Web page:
1. Solar power projects in India to get $1 bn boost; here’s how

Solar power projects in India to get $1 bn boost; here’s how

The World Bank on Thursday said it would extend $1 billion (around R6,700 crore) to support solar power generation programmes in India. The amount could come in handy for the country aiming to generate solar power of 100 gigawatt by 2022 as part of its initiatives to reduce greenhouse gas emissions.

By: | New Delhi | Published: July 1, 2016 6:58 AM

The World Bank on Thursday said it would extend $1 billion (around Rs 6,700 crore) to support solar power generation programmes in India. The amount could come in handy for the country aiming to generate solar power of 100 gigawatt by 2022 as part of its initiatives to reduce greenhouse gas emissions.

The funding pact was signed between visiting World Bank Group president Jim Yong Kim and power minister Piyush Goyal in New Delhi. “We discussed renewable energy, especially rooftop solar projects.

We also discussed innovative financing models by which we can boost the renewable energy sector,” Goyal said.

The multilateral agency has already approved $625-million loan that will support the government’s grid connected rooftop solar programme by financing the installation of solar panels on rooftops across the country.

On Thursday, World Bank also signed a pact with the International Solar Alliance (ISA), consisting of 121 countries led by India, to collaborate on increasing solar energy use around the world, with the aim to mobilise $1 trillion in investments by 2030.

India has unveiled a bold initiative to derive at least 40% of its energy needs from renewable sources by 2030. This includes plans for the development of 100GW of solar power by 2022, an extremely ambitious target considering the world’s installed solar power capacity in 2014 was 181GW.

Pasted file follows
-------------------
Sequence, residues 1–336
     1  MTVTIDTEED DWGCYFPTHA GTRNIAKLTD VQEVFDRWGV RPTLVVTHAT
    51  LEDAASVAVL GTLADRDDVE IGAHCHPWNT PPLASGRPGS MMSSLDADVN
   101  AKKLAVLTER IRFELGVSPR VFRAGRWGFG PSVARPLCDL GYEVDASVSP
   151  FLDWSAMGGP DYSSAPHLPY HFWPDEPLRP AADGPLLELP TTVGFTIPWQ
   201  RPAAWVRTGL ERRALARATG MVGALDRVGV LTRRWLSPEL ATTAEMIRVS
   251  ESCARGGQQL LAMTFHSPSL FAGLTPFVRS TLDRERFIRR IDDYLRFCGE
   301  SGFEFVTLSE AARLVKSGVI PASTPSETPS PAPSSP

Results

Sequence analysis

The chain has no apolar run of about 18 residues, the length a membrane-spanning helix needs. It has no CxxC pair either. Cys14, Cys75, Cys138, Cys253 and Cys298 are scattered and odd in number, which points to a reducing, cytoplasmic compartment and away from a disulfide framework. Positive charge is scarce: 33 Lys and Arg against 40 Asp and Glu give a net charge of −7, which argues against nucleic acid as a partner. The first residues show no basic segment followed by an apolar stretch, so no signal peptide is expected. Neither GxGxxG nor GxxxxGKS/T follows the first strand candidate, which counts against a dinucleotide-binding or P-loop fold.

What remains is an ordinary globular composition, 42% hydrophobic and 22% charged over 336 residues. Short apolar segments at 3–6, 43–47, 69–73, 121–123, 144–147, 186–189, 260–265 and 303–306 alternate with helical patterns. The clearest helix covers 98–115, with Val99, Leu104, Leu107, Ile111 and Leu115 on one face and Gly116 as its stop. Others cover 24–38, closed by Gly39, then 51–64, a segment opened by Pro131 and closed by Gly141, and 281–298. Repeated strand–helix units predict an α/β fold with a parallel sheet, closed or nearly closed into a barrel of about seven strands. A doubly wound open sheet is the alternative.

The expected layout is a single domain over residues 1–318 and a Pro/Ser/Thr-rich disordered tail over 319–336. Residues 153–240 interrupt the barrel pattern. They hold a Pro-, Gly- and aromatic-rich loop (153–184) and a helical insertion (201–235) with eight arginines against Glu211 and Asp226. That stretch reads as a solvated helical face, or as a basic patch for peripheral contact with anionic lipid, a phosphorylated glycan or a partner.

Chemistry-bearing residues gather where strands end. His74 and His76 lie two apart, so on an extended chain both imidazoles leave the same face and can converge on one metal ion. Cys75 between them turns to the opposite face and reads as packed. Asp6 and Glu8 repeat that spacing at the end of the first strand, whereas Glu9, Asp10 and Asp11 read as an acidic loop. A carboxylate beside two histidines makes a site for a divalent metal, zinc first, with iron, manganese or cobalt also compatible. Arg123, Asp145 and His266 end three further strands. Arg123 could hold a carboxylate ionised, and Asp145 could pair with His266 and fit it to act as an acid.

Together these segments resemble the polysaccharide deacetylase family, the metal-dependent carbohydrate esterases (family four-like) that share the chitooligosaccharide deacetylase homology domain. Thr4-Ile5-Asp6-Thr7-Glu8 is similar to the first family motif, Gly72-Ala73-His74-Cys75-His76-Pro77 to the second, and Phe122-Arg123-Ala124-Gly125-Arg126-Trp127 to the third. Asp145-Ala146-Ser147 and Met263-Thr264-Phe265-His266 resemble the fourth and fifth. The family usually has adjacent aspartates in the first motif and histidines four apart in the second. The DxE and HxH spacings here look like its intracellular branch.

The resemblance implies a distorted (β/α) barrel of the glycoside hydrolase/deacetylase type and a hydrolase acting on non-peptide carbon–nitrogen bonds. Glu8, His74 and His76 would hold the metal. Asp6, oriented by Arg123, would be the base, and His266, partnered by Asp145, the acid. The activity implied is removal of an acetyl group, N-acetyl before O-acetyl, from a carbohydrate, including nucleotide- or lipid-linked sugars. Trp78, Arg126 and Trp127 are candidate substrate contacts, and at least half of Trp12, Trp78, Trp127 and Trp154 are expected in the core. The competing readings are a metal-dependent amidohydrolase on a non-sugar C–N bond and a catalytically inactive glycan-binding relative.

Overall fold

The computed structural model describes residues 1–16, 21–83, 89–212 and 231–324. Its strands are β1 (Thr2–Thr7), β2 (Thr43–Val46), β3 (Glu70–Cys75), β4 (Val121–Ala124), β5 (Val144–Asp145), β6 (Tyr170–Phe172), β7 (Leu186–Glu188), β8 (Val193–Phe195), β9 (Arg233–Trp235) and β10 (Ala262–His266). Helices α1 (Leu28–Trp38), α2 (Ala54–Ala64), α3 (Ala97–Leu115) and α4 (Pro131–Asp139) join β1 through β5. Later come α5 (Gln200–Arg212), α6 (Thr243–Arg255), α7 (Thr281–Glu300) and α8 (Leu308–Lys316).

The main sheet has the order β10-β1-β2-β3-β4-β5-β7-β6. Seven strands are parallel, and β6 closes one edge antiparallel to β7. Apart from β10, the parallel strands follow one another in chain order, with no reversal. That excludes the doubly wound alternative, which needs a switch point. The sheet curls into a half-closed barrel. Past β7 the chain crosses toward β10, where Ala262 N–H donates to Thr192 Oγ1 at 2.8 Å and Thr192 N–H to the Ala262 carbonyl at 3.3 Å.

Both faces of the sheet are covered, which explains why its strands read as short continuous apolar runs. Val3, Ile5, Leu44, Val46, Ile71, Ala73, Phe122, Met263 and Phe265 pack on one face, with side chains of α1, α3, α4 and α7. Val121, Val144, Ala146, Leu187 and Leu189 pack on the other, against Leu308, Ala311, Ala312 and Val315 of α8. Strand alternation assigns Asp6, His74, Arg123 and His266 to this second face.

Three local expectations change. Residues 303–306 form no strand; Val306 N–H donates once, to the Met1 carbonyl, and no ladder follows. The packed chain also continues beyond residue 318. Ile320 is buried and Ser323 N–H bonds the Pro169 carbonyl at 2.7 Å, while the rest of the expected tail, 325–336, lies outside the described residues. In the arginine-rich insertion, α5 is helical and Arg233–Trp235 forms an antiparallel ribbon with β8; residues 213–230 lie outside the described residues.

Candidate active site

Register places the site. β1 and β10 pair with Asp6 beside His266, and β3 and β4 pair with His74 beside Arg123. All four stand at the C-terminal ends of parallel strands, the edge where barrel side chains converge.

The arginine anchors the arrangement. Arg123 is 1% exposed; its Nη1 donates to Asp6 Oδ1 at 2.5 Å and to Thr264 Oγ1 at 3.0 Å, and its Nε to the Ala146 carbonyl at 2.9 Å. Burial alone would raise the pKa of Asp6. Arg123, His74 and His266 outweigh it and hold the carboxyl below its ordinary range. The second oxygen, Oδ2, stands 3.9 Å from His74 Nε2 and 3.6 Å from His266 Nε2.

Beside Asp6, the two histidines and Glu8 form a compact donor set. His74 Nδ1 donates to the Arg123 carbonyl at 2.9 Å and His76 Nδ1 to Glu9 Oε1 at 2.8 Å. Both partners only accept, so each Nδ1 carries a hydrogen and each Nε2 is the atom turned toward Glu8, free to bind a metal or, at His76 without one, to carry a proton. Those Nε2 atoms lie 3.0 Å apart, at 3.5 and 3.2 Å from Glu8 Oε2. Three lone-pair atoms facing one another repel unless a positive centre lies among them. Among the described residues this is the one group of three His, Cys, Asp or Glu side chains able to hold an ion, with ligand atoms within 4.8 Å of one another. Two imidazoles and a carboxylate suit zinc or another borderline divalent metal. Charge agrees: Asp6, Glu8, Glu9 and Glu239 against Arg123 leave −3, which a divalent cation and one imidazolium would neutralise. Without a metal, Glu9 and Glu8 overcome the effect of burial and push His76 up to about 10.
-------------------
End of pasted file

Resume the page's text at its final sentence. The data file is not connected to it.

Besides World Bank, India is tapping other long-term sources of funding such as the Asian development Bank, the New Development Bank and the soon-to-be-operational Asian Infrastructure Investment Bank.

The prospect of solar energy for the country which has taken multilateral commitment to reduce its carbon footprint appeared brighter as the tariff discovered under competitive bidding by state-run NTPC plunged to below R5 per unit late last year.

The United States-based SunEdison bagged the bid at Rs 4.63 per unit for 500 MW to be installed in Andhra Pradesh. This meant that solar power had achieved grid parity — the cost of solar power being on a par with thermal power — an outcome that was estimated to materialise much later, in 2018. In bids in January this year, a Finnish company went further, quoting Rs 4.34 per unit in Rajasthan.

While analysts say further reduction of tariffs from this level was unlikely, lenders are reluctant to finance projects with sub-Rs 5 per unit tariff as the margin for such projects would likely be very thin.

The World Bank-supported projects in the works include solar rooftop technology, infrastructure for solar parks, bringing innovative solar and hybrid technologies to market, and transmission lines for solar-rich states. “The development of a $200-million Shared Infrastructure for Solar Parks Project under a public-private partnership model is also under preparation,” the World Bank said in a statement.

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